Benbrika case highlights struggle between courts, government

Who has discretionary power over who gets to be an Australian citizen or not? The High Court is wrestling control from the government, which seems unwilling to cede it.

(Image: AAP/Mick Tsikas)

Way back in 2015, Tony Abbott’s government introduced a bill inserting a couple of new sections in the Citizenship Act, which provided for having your Australian citizenship cancelled by the minister if you’d done bad things that he or she considered inconsistent with your “allegiance to Australia”.

I wrote at the time that I was “about 60% convinced it’s constitutionally invalid”. Took eight years, but turns out I was right.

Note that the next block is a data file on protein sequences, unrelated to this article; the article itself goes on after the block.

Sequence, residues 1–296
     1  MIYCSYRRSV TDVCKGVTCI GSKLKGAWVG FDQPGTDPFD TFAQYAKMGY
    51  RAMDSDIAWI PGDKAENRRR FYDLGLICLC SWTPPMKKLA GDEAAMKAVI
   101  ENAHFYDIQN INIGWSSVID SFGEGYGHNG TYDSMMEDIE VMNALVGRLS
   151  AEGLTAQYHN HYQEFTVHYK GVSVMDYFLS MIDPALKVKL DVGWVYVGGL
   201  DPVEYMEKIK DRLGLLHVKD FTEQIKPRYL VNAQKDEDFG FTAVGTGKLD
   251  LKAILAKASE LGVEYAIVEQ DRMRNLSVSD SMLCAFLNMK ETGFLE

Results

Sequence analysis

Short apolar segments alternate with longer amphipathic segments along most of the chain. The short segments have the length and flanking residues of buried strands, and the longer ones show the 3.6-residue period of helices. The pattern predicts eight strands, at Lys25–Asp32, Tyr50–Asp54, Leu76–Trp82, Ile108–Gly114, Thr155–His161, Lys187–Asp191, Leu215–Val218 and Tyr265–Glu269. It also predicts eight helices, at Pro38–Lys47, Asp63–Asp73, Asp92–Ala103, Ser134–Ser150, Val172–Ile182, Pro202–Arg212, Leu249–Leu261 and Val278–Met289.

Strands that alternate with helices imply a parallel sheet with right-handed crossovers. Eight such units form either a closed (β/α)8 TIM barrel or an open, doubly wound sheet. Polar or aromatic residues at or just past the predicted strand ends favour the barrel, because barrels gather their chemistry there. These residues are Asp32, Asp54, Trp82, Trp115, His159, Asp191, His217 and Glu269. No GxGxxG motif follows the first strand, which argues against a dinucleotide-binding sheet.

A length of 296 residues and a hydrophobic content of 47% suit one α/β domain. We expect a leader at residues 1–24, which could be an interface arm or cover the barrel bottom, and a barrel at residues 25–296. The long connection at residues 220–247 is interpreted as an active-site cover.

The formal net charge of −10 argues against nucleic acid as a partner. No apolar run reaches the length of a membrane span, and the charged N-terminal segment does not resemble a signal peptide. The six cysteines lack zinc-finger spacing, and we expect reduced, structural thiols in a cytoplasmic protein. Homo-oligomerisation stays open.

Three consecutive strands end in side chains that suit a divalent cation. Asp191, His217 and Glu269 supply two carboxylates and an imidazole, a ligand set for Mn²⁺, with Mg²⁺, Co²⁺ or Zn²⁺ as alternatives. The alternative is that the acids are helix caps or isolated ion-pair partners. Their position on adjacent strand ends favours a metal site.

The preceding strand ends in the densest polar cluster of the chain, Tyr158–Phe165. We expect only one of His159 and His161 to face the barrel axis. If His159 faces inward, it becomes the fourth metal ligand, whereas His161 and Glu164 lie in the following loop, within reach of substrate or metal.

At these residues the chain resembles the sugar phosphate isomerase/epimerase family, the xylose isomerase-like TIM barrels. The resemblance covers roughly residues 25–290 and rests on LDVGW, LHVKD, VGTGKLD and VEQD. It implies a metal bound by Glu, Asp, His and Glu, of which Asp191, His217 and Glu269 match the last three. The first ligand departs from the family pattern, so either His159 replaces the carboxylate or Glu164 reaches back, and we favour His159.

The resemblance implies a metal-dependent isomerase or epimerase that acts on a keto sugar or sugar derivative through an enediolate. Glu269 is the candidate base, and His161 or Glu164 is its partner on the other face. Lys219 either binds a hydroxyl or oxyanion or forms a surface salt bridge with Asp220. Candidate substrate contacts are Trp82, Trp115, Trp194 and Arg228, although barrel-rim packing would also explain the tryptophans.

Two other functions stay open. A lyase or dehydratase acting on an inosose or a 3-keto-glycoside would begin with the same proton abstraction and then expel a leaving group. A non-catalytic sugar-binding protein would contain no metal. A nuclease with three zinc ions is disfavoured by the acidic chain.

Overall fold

The High Court has killed off — hopefully finally — the notion that the executive arm of government can purloin for itself the power to impose the ancient punishment of banishment from the realm, which is what citizenship revocation really is. That, like all criminal punishment, is a function the constitution reserves exclusively for the courts.

Read more about who holds the power over Australian citizenship…

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